READ LETTER

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well being survey
Work and wellbeing survey

This report summarizes the response to  RNAO’s Work and Wellbeing Survey. It tells the story of nurses and a nursing workforce under considerable stress and strain as a result of the COVID-19 pandemic. The survey reveals that the effective functioning of Ontario’s health system is at risk post-pandemic. The magnitude of potential departures by retirement or by changes in career paths calls for an immediate response from health system employers and government

READ OUR REPORT

  • Nursing Through Crisis: A Comparative Perspective
    Image
    crisis
    Nursing Through Crisis: A Comparative Perspective

    RNAO carried out a detailed survey from May to July 2021, during the height of Ontario’s third wave. Responses from 5,200 Canadian nurses, most of them from Ontario, were analyzed and compared with the association’s earlier Work and Wellbeing Survey Results report, as well as with similarly focused national and international surveys that examined the struggles of nurses working throughout the pandemic.

    LEARN MORE

  • RNAO’s letter to the College of Nurses of Ontario regarding IENs
    Image
    IEN action hero image orange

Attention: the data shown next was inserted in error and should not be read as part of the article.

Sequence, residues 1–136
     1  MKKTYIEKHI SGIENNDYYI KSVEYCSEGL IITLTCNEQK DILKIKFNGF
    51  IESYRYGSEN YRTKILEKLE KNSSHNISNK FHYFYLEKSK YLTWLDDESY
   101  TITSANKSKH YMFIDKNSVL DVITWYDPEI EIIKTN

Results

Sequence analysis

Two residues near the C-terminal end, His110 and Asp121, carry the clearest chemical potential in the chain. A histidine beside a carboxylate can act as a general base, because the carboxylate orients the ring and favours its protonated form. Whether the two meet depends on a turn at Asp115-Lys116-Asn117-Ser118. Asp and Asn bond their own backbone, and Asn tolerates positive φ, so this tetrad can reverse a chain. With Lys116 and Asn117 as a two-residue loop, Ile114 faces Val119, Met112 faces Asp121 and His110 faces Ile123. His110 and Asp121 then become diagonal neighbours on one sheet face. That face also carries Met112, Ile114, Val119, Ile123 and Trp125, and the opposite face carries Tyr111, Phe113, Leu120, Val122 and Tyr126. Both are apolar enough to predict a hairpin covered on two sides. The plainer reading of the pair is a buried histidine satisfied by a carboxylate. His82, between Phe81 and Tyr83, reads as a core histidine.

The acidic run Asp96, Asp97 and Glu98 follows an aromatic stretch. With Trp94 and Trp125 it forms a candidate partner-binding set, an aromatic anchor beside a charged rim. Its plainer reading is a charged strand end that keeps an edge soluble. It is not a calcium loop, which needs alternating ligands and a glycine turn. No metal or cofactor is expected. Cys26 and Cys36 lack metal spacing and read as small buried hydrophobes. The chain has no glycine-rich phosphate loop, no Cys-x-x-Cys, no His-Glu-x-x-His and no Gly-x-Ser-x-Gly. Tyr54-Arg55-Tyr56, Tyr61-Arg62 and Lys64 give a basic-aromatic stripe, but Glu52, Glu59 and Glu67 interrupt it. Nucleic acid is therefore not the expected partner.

RNAO’s letter to the College of Nurses of Ontario regarding IENs  

    In the midst of Ontario’s worse nursing crisis, thousands of internationally-educated nurses (IEN) living in Ontario remain unable to practise as their applications with the College of Nurses of Ontario (CNO) languish for years.

    RNAO has called on the CNO to immediately address the backlog of more than 20,000 IEN applications eager to join Ontario’s workforce at a time of dire need.  

    RNAO has long urged the CNO to adopt a more streamlined approach to process applications. The association’s call for immediate action took on added urgency when it learn of a new program offering work to IENs in the long-term care sector as unregulated health providers. In a letter addressed to the CNO’s CEO Anne Coghlan, Dr. Doris Grinspun stated the Long-Term Care Staffing Pool Program is “exploiting this pool of skilled applicants as a reserve of lesser-skilled labour in a time of crisis is unhelpful and shortsighted … a disservice to Ontarians in desperate need of nurses for both COVID and non-COVID-related health care.”

    The letter urges the CNO to expedite IEN applicants so they can take their rightful place as members of Ontario’s nursing profession.  RNAO says the college owes IEN applicants and Ontarians at large, an explanation for its painfully slow assessment system, especially at a time there is critical RN understaffing across the province.  

    READ LETTER

  • Work and wellbeing survey
    Image
    well being survey
    Work and wellbeing survey

    This report summarizes the response to  RNAO’s Work and Wellbeing Survey. It tells the story of nurses and a nursing workforce under considerable stress and strain as a result of the COVID-19 pandemic. The survey reveals that the effective functioning of Ontario’s health system is at risk post-pandemic. The magnitude of potential departures by retirement or by changes in career paths calls for an immediate response from health system employers and government

    READ OUR REPORT